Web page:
Gino Bartali (1914-2000) Italian racing cyclist
Bartali was active as a professional between 1935 (when technical developments meant that road racing had more or less taken on its modern form) and 1954. He was an extremely strong climber and stage race
r, winning his first Giro d'Italia
in 1936. He won the Giro again in 1937 and ventured abroad (relatively rare for Italian riders at the time) to take the 1938 Tour de France
In 1940 (just before Italy entered World War II) the by then established star Bartali was beaten in the Giro by his young Legnano team-mate Fausto Coppi; this rivalry was to captivate and divide the country for another decade or more. After Mussolini threw in his lot with Hitler, Bartali was (unlike Coppi) given a safe posting and was able to continue training and riding such races as there were; after 1943 when northern and central Italy became an occupied country, Bartali used training rides between his native Florence and Rome to carry messages for the resistance to the Vatican, where a number of Jewish refugees were being sheltered.
After the war Bartali resumed his career with both sporting and popular success, winning the first post-war Giro in 1946. His duels with Fausto Coppi, now riding for his own Bianchi team, split the country: pugnacious Gino "the pious", pure in word and deed and frequently photographed with religious figures (and Christian Democrat politicians) against the elegant, adulterous, chemically adventurous and (incorrectly) presumed Communist Fausto. In 1948 news coming over the radio of his epic ride (following a phone call from prime minister Alcide De Gasperi) in the decisive alpine stages of the Tour de France was enough to dampen down what appeared to be an imminent revolution following the attempted assassination of the Communist leader Palmiro Togliatti. It also won him his second Tour, ten years after the first, a record which lasts to this day.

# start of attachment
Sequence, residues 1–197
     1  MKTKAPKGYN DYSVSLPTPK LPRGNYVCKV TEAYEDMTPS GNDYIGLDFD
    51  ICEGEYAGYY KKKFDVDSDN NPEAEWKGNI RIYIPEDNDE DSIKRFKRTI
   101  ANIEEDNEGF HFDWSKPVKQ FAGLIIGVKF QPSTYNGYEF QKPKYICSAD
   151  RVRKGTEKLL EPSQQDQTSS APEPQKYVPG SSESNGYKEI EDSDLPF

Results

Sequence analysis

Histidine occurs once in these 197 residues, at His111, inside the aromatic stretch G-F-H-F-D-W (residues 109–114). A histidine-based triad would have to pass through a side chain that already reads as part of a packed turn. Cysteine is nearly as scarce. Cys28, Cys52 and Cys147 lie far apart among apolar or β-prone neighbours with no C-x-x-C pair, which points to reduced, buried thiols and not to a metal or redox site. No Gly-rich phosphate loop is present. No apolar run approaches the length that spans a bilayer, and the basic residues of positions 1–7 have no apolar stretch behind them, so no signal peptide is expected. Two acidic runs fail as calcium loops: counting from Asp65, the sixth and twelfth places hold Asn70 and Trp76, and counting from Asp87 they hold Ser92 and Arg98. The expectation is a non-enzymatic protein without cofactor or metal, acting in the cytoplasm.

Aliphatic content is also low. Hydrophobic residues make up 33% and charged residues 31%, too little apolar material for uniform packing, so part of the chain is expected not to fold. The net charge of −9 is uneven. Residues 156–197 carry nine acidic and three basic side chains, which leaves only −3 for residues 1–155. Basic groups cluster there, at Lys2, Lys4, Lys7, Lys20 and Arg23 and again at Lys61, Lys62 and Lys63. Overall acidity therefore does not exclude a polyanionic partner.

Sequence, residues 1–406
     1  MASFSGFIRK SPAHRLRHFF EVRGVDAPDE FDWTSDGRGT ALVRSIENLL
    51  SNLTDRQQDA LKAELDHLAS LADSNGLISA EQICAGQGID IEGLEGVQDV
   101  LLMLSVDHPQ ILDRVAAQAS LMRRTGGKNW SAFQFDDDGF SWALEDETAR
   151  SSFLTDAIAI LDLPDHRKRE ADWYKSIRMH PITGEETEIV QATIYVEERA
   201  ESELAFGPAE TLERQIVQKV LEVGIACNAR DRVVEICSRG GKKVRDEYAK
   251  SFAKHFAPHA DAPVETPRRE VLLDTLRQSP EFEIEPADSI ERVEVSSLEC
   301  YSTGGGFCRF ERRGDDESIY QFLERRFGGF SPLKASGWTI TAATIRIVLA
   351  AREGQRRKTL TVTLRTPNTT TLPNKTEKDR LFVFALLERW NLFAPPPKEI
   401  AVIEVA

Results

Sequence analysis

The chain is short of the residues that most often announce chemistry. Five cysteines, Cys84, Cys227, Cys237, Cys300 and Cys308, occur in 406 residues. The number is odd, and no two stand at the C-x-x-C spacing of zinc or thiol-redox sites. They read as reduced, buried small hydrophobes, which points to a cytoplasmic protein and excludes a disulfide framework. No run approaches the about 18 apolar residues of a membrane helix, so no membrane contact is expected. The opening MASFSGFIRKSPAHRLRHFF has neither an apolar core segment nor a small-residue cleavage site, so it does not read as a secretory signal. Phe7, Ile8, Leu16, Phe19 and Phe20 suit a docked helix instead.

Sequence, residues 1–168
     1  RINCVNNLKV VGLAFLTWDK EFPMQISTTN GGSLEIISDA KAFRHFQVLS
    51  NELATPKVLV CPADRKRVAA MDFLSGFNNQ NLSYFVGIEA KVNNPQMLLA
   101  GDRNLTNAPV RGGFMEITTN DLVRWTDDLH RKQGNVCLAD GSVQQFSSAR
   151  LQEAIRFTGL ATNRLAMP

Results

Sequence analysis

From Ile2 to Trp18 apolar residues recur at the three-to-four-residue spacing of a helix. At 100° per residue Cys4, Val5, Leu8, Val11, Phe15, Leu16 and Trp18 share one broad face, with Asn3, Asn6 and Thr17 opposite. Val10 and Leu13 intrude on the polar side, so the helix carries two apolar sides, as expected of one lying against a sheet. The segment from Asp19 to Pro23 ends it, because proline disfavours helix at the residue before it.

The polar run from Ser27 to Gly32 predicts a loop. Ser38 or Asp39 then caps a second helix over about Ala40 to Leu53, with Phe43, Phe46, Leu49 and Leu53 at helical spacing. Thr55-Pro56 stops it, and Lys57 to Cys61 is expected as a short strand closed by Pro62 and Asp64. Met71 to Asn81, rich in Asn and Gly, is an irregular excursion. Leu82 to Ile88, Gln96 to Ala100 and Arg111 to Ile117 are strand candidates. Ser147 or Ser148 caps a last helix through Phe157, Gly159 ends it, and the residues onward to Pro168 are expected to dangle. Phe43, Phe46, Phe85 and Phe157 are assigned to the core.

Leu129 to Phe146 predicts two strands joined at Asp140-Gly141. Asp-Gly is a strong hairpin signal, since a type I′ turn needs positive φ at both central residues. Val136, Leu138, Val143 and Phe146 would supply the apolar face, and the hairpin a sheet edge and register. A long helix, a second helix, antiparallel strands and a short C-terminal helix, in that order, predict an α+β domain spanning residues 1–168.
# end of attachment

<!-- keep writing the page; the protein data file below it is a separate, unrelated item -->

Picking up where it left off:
After 1948 Bartali mostly had to play second fiddle to the younger Coppi, but he still managed to become Italian national champion for the fourth time in 1952. He rode a total of 988 races as a professional, finishing 960 of them (a notorious exception being the 1950 Tour where he and the entire Italian team pulled out because of threats, spitting and insults from the French crowds) and winning 184. After his retirement he was a private but popular figure who turned out for the Giro d'Italia every year until his death.